So far Colorado, Oregon and Washington State have decided to regulate a legal cannabis market in much the same way as alcohol, limiting use to adults over the age of 21 (the legal drinking age), licensing producers, processors and retailers, and imposing a state tax. Critics are concerned this will lead to the commercialisation of the retail cannabis market with TV advertisements, special deals for frequent buyers etc. So far cannabis commercialisation has been constrained because the drug is still prohibited under US Federal law.

Should the citizens of these US states be worried about legalising cannabis? Those who see it as a wonder herb no doubt see legalisation as a good thing. It allows adults to use the drug without fear of arrest, it provides these states with a new source of tax revenue, and reduces the costs of enforcing the criminal law against cannabis users.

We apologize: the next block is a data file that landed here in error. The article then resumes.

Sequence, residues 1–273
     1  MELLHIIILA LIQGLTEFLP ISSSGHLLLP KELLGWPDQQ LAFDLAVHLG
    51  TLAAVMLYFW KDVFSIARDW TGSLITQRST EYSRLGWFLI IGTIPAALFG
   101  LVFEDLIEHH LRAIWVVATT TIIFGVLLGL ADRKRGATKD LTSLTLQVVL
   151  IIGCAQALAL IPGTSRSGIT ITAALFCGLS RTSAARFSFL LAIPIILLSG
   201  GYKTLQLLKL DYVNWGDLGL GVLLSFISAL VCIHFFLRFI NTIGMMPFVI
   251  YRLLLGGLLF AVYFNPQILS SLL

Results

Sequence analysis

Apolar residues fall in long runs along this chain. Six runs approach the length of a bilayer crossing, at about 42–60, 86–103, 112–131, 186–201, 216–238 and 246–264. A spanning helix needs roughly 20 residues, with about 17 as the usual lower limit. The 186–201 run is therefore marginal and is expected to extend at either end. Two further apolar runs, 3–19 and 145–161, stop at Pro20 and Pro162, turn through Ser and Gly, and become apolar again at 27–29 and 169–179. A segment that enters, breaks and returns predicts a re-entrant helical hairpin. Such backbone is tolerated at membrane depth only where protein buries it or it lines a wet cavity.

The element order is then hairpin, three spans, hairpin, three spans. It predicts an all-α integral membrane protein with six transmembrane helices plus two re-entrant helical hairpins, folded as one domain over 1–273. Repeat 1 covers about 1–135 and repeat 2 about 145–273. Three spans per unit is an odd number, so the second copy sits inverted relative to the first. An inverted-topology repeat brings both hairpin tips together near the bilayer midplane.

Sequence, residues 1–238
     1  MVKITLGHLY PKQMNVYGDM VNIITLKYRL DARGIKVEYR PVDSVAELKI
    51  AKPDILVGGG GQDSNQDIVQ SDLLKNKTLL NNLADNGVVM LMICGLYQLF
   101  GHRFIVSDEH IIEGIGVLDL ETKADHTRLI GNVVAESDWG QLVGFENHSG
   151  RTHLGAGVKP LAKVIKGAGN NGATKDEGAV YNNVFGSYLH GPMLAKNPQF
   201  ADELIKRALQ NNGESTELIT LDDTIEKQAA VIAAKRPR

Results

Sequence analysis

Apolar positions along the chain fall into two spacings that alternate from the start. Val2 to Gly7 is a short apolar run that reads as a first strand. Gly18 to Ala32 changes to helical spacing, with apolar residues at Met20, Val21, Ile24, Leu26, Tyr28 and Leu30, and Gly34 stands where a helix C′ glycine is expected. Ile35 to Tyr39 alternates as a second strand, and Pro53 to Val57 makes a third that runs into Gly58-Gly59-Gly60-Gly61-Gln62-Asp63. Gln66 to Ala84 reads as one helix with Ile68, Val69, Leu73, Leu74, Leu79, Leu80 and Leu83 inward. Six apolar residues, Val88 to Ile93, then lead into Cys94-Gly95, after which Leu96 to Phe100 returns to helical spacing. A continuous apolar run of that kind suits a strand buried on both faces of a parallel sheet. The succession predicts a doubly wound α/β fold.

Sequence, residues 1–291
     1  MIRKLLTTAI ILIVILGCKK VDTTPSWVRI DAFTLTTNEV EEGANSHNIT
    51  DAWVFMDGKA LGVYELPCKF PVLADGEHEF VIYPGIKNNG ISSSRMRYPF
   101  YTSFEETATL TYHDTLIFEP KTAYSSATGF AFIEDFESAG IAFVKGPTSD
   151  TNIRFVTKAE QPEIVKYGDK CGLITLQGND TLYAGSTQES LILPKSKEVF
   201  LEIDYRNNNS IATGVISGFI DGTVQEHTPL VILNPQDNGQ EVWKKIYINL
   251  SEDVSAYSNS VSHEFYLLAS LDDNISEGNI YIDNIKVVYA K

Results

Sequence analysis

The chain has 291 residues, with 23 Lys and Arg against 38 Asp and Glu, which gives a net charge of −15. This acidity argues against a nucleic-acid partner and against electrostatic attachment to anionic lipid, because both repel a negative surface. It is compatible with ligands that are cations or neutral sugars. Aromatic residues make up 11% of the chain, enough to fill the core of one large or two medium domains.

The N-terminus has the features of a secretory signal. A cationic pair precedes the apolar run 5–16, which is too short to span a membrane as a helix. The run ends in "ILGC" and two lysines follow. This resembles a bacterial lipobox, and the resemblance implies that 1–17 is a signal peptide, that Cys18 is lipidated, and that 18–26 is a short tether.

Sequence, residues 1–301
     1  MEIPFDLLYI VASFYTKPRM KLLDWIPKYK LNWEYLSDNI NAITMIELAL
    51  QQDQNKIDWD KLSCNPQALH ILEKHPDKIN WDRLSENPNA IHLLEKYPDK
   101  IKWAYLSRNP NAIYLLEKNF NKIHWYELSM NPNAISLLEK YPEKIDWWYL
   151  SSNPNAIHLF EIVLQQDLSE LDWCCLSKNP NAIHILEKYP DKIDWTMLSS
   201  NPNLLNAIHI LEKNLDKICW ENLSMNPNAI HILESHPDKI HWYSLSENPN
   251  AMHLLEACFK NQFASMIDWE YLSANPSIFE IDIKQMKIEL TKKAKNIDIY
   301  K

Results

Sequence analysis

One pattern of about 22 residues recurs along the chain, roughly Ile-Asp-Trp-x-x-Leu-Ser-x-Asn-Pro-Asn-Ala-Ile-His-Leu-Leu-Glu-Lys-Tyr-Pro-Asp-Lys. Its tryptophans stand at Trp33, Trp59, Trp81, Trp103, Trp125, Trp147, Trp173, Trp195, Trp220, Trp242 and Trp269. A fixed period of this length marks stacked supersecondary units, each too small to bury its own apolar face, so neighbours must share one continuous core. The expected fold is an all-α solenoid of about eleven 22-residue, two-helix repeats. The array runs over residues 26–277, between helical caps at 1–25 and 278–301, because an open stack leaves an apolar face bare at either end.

Image by Laurie Avocado via Wikimedia Commons. https://commons.wikimedia.org/wiki/File:Medical-marijuana-sign.jpg

Image by Laurie Avocado via Wikimedia Commons. https://commons.wikimedia.org/wiki/File:Medical-marijuana-sign.jpg

A less sanguine view would be that legalisation could also increase the amount of heavy use and cannabis-related harm. Cannabis is a drug with similar effects to alcohol. It is used for similar reasons by the same demographic – young males – and around 10 per cent of users engage in daily use, often for years, and sometimes decades.

Heavy cannabis use probably has fewer adverse effects than heavy alcohol use (although this is not a ringing endorsement, given the damage that heavy alcohol use causes). The clearest adverse effects are: an increased risk of motor vehicle accidents, if users drive while stoned; and in daily users, a dependence syndrome much like that of alcohol, where users find it difficult to control their use and are unable to stop, despite acknowledging that it is harming them.

More on this: Nobody is winning in the war on drugs. Is it time for a new approach? | Richard Di Natale